Ilija Sazdovski: Researcher and Lecturer from the UNESCO Chair in Life Cycle and Climate Change and CATALYSE Work Package 5 member.
Ilija—an environmental scientist and educator—focuses on advancing sustainability through combining the Life cycle assessment and climate change disciplines.
How did you get involved in work related to climate change and health?
Throughout my career, I have been driven by the urgent need to address climate change and place it at the forefront of public policy. I have implemented climate change mitigation projects in collaboration with some of the world’s largest development organizations.
Reducing carbon footprints in the health sector presents a unique challenge due to its specificities. Furthermore, the health sector is responsible for responding to the human health impacts of climate change, making mitigation in the health sector an important priority.
Looking ahead, I firmly believe that the next few years will be incredibly exciting for the entire UNESCO Chair team. We must mobilize our expertise and knowledge to provide a scientific foundation for reducing the carbon footprint and enhancing the adaptive capacity of the Catalan Health System.
What is your main discipline or field and what unique perspective does it bring to the issue of climate change and health?
In my previous post, I worked as an international expert for the United Nations, advising ministries in several countries on establishing national or sectoral Monitoring Reporting and Verification systems for greenhouse gases (GHG). However, my work in CATALYSE is much more complex than addressing climate change impacts alone.
The UNESCO Chair in Life Cycle and Climate Change ESCI-UPF has a long-standing history of developing strategic objectives based on the Life Cycle perspective. Unfortunately, many researchers have tunnel vision and focus only on climate change while disregarding other environmental impact categories. Our work in CATALYSE aims to quantify the GHG emissions from the health sector, calculate trade-offs with other impact categories, and develop guidelines for health professionals. This approach will be implemented for the first time in any health sector in the world.
As a member of the UNESCO Chair team, I am confident that we possess the necessary skills and knowledge to make a meaningful impact in this crucial area. By working closely with stakeholders in the health sector, we can develop strategies that not only reduce carbon emissions but also enhance the overall environmental impact of the health sector.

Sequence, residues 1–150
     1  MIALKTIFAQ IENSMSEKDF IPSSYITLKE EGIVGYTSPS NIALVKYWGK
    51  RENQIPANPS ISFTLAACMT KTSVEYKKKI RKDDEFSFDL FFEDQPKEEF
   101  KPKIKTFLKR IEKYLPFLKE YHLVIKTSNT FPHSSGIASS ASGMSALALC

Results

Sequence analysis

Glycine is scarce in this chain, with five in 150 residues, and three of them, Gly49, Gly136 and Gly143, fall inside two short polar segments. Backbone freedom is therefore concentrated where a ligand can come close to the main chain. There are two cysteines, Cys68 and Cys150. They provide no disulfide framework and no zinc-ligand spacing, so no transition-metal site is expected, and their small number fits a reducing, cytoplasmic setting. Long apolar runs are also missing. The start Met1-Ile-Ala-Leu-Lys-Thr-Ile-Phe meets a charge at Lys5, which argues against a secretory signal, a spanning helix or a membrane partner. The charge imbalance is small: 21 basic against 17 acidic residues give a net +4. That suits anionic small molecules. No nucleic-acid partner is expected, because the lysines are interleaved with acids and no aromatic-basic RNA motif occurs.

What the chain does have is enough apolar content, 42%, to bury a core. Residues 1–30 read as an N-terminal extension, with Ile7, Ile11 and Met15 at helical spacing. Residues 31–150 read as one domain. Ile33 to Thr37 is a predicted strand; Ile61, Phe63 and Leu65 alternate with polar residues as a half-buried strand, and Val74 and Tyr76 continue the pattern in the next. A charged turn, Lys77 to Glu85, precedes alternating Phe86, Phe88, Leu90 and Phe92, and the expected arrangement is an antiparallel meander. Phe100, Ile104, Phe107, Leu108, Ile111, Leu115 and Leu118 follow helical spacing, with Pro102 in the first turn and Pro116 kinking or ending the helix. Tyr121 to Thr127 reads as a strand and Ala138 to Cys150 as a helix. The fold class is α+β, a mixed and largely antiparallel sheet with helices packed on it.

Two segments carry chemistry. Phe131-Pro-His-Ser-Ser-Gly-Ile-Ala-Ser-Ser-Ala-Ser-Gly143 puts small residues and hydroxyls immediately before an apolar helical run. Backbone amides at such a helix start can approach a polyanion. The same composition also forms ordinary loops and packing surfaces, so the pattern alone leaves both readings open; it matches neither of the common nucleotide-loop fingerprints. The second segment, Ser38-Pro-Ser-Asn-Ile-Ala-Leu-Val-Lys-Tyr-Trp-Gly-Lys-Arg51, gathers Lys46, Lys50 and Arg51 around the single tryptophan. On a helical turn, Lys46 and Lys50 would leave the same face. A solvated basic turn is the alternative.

You are currently measuring the carbon footprint of various health/research centers in Catalonia. Can you give an overview of how this is done and why it is important?
The work package we are involved in aims to produce a guidance document on the carbon footprint of the Catalan Health sector from a life cycle perspective. To create this document, we will first need to develop a carbon footprint for the sector by calculating the total GHG emissions resulting from direct emissions, such as burning fossil fuels, and indirect emissions, such as purchased electricity, heat, and goods and services.
Additionally, we will also calculate all indirect emissions from the sector, including consumables, equipment purchases, daily commuting of patients and employees, and other relevant Scope 3 emissions.
Currently, we are testing data gathering and validation tools with research centers and laboratories as a sub-sector of the Catalan Health System. By harmonizing these tools, we aim to ensure a smoother implementation of activities next year, when we will expand these activities to more complex sub-sectors, like primary care.
This is a complex process that requires data collection, analysis, and strategic planning, but it is a critical step in addressing climate change and reducing the sector’s environmental impact.
Your WP looks at the decarbonization of the Catalan health system. What have you found thus far? What are the main barriers that you see in decarbonizing healthcare systems in Europe and what do you think are the necessary steps to overcome them?
So far, we have not identified hotspots for carbon emissions or environmental impacts. However, we are still in the early stages of our activities, and are currently testing tools for data gathering and looking at the simplest subsector of the health system.
We have some initial hints related to the end-of-life treatment of chemicals used in the laboratories, the usage of single-use products, and so on, which we are looking into. Another important area to investigate further is the possibility of carbon leakage resulting from contracts for energy services.
The health system is unique due to its specific operational needs, and many general mitigation measures cannot be directly implemented. For instance, the specific indoor conditions required are different than those in residential and office buildings. Moreover, the food used in hospitals depends on the specific dietary needs of patients, and simply using local food is not always possible. Additionally, single-use products are mandatory in many cases due to sanitary reasons, and it is very hard to replace them with reusable ones.
As the landscape of climate change and its impacts on public health continues to rapidly evolve, it is crucial that we remain flexible and adaptable. Through close cooperation with Catalan health officials, I am confident that we can successfully deliver practical guidance for the Catalan health system. I am excited to be part of a team that is dedicated to making a positive difference, and I am confident that together we can achieve our goals.